[My goals are to] be a better adzer and try and work on my own at home. And I want to try and make a mask. My dad made several masks that I can look at and try and study. And he made beautiful, beautiful eight-foot long medicine paddles or shaman paddles and he used my hair on them. If I could get good photos of what he has left here, I’d like to try and make my father happy even though he’s not right here with me. In fact, there’s a two-finned killer whale he did down at Chief Shakes grave. A couple of years ago I noticed the wind had blown and one fin was missing. I got hold of three different people trying to get somebody replicate it while the one fin was still there [to copy]. And no one did anything and last year the second fin disappeared. So, I mentioned it to John Martin, and he said he’s going to get a special piece of wood, and make a template, and I get to do copy my Dad’s fins. So that’s cool.

Monday, October 31, 2011

Susie Kasinger on Wanting to be a Carver

I took a JOM class in middle school and we made a plaque. So, carving is something I’ve always been interested in and appreciate. I mean, I could stand and look at that bench out in front of Wells Fargo for a long time. A couple of years ago, I signed up for the Totem Heritage Center in Ketchikan to do the carving class. I already took the power tools class. But then our rear end went out of our truck, so we had to use the money to get that fixed. I was going to sign up for it this year but then this job came along. So maybe next year if I’m not doing anything, because you have to take the introduction to carving and design. You have to go by step by step and take each class. About eight years ago, I took a class with Steve Brown. I still have all that stuff. I want to go somewhere. I guess there’s a place in Terrace too that’s really good. And he [Steve Brown] said that if I got that on my resume, I could go anywhere.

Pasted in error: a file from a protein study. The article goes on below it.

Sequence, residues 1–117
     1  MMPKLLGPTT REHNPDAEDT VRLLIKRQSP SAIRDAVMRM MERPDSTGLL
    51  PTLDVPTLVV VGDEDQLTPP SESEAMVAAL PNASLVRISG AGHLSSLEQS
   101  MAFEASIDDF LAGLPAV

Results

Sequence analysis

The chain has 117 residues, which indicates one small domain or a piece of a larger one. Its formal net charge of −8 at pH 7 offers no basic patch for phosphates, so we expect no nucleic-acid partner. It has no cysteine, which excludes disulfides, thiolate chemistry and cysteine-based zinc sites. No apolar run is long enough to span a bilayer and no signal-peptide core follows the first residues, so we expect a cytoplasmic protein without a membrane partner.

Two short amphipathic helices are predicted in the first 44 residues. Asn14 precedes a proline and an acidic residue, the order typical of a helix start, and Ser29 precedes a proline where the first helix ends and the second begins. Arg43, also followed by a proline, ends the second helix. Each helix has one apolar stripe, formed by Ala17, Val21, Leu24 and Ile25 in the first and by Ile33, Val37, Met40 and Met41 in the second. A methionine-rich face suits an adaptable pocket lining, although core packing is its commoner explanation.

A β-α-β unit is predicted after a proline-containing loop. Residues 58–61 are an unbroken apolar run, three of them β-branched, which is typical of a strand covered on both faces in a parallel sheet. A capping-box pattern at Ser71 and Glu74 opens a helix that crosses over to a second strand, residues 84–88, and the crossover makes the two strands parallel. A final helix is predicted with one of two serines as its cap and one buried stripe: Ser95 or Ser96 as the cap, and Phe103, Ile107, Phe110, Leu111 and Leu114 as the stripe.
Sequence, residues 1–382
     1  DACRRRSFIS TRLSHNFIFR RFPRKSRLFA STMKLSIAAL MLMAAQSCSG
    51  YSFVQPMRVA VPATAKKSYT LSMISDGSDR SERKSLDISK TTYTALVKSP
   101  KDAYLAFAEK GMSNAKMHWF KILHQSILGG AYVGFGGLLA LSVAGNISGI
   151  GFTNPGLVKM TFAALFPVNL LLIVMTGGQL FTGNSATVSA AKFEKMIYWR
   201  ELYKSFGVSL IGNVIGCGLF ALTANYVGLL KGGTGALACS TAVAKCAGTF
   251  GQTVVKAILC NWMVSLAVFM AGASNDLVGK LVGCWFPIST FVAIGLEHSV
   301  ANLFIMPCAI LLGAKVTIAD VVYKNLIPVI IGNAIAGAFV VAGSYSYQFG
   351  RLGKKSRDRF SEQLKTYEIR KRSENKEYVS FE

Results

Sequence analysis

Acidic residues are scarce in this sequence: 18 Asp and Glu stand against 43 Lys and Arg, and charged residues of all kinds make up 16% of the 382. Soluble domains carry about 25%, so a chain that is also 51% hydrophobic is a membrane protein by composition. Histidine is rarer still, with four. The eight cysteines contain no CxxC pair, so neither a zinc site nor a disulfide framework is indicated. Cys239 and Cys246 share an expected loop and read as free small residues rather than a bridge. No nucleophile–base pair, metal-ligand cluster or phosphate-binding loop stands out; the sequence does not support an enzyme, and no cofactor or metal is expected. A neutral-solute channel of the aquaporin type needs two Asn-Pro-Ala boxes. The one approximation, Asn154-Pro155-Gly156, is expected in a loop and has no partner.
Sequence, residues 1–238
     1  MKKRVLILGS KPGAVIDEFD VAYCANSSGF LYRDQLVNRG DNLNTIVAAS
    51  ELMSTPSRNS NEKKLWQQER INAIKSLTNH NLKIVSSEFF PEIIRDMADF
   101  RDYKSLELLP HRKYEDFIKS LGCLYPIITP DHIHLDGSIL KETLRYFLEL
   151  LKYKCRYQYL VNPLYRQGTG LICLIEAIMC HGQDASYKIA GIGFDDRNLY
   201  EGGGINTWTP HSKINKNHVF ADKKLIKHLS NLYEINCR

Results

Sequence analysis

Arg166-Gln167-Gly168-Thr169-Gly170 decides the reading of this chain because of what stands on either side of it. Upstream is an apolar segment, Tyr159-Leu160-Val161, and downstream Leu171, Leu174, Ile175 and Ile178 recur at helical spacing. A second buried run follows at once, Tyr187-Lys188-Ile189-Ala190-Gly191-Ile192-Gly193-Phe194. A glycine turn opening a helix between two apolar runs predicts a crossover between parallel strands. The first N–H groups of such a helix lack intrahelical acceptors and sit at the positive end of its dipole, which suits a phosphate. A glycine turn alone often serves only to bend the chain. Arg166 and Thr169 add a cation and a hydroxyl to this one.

One of my girlfriends, she’s like, you’re not going to be able to make a living doing a hobby. I don’t consider it a hobby. It’s more serious to me. I’m just a late bloomer I guess. It’s always something that I’ve wanted to do but then you got your kids, and you got this come up and that come up. I told my husband, why do I have to wait for my kids to graduate before I do something I want to do? I just want to do something that I want. I keep telling my daughter too, find something you really likedon’t do it just to make money.